The Farm on Oak Creek


Yes, that is a picture of dirt. Well, not dirt.  It’s compost, specially made for me by piglets and chickens.  It started out as the contents of the turkey barn. That included manure (better known as poop), straw, turkey food, dirt and, most importantly, water.

The turkey barn roof leaks in a couple spots. These aren’t little leaks. These are “turn on the faucet” leaks.  Every time it rains, water hits the barn roof, channels to these low spots then gushes through the holes onto the barn floor. That would be okay if the barn floor were dirt. Instead, there’s a layer of cement plant conveyer belt, which is made from rubber, covering the dirt (not my first choice). I’m told the belt material comes from the cement plant up on the hill near Jerome. As near as I can tell, every old timer in the area has chunks of this stuff because all the locals have worked at the plant at one point or another.

But rubber on the ground means the water can’t soak through. Instead, it puddles on the rubber and creates a goopy mess that eventually rots. As long as it stays moist it’s a horrible stinky rotten mess. Then, once the weather gets hot enough to suck the moisture out of every living create, that gloppy mess because a crusty mess. Two months ago I confronted the three inches of crust with hoe, shovel and rake. Two days of work left the same three inches of crusty stuff about two feet outside the coop doorway, albeit broken up into shovel-sized pieces.

Oddly, while the birds ignored the stuff when it was in the barn, once it was outside they got interested.  Maybe that’s because it attracted flies. Although it attracted flies when it was inside the coop, too. That could be because this year is the year of the fly. I don’t know about anyone else, but I’ve seen one horse fly and a few bottle flies, lots of hover flies, but tons of those in-between sized guys.

So, the birds started working on this stuff, scratching and pecking.  After two months of effort they hadn’t made much of a dent in it. There were still pie-sized chunks of crust that would stink all over again when I irrigated.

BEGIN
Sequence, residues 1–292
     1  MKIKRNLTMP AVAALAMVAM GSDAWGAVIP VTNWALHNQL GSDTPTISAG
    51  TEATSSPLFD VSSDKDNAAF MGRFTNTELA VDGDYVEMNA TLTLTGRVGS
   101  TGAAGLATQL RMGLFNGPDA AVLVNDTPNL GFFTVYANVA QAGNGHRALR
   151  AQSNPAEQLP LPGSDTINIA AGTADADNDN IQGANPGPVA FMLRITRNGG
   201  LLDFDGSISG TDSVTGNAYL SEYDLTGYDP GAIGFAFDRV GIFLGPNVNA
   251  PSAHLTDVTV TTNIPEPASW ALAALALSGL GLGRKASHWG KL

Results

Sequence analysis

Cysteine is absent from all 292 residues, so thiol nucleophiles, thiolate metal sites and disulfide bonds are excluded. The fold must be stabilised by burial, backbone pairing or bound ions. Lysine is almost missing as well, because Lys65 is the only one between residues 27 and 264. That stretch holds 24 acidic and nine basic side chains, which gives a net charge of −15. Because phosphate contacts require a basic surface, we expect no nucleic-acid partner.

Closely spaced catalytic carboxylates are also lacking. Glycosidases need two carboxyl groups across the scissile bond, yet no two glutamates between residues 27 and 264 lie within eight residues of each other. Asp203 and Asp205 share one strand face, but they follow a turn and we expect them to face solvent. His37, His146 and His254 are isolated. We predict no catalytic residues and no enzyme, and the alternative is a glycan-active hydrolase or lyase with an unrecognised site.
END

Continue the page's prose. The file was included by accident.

Then came the piglets and their mama. With the piglets now old enough to graze, Mama has started taking them to the back pasture where they laze in the shade of the huge cottonwood, root through the soft red clay soil, graze on the thick bermuda near the fence and wallow in the muddy patch I’ve created for them. What a life!

Two weeks ago, when I again irrigated that field, I suddenly had a herd of pigs splashing and chasing in the water. That includes Mama. She’s feeling pretty good these days. Maybe because she’s only a year old herself–did you know a sow can live to be thirty (yikes!)?–she gets just as playful as her babies. While she’s not quite up to a game of tag and doesn’t care to worry sticks or clumps of weeds, she does love to run. And once she gets all 500 pounds of her to moving, she’ll add a quick skip. My sister Stephanie, who returned home on Sunday because I can walk again(!!), got to see her do it the other day. At a dead run, Oinker kicked her back legs out to the side and grunted in pure joy.

Muddy mom and baby pigerators.

The seven of them were still there as the water began to soak into the ground. As had happened in previous irrigation cycles, the crusty stuff immediately began to stink.  And just like that seven snouts were in that layer of rotty moisty turkey food/poop stuff. To each their own, I say.

It became a free-for-all. Piglets turned dirt, hens darted in to steal the worms and grubs. Porcine heads swung to drive them away. That worked for the Brahmas, this year’s chicks. Not so the little black hens. Last year’s babies, a Jungle Fowl/Australorpe hybrid, are pretty unflappable (pun intended). If that ten pound piglet charged, offering a squeaky little grunt as she came, they just circled around and tried the back entrance.

Days. That’s all it took to turn what I’d been thinking of as a toxic dump into rich brown dirt ready to use for potting soil.  Oh my goodness!  It’s enough to make me consider going back into the coop and taking it down to the rubber lining. I love pigerators!


© Denise Domning, 2023